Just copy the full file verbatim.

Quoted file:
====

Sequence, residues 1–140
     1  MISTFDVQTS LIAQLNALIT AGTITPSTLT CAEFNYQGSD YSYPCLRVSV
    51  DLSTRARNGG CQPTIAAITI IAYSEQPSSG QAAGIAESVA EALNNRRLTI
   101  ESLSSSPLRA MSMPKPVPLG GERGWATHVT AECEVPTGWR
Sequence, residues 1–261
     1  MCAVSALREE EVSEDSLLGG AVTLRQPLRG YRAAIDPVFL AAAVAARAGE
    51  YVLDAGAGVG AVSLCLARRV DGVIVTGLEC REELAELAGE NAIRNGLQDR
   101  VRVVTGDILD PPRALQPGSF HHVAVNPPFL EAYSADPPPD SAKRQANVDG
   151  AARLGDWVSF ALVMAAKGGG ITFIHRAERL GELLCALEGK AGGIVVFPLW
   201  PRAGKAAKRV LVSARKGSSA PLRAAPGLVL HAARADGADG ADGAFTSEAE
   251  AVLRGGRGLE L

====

Sequence, residues 1–140
     1  MISTFDVQTS LIAQLNALIT AGTITPSTLT CAEFNYQGSD YSYPCLRVSV
    51  DLSTRARNGG CQPTIAAITI IAYSEQPSSG QAAGIAESVA EALNNRRLTI
   101  ESLSSSPLRA MSMPKPVPLG GERGWATHVT AECEVPTGWR
Sequence, residues 1–261
     1  MCAVSALREE EVSEDSLLGG AVTLRQPLRG YRAAIDPVFL AAAVAARAGE
    51  YVLDAGAGVG AVSLCLARRV DGVIVTGLEC REELAELAGE NAIRNGLQDR
   101  VRVVTGDILD PPRALQPGSF HHVAVNPPFL EAYSADPPPD SAKRQANVDG
   151  AARLGDWVSF ALVMAAKGGG ITFIHRAERL GELLCALEGK AGGIVVFPLW
   201  PRAGKAAKRV LVSARKGSSA PLRAAPGLVL HAARADGADG ADGAFTSEAE
   251  AVLRGGRGLE L